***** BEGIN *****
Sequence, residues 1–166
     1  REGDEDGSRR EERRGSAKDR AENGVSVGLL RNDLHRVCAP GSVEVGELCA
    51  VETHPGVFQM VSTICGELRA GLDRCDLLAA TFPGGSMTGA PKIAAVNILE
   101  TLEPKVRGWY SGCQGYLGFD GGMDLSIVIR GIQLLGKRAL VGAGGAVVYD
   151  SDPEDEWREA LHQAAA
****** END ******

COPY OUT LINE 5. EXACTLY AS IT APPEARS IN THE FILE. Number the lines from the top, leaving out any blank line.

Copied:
   151  SDPEDEWREA LHQAAA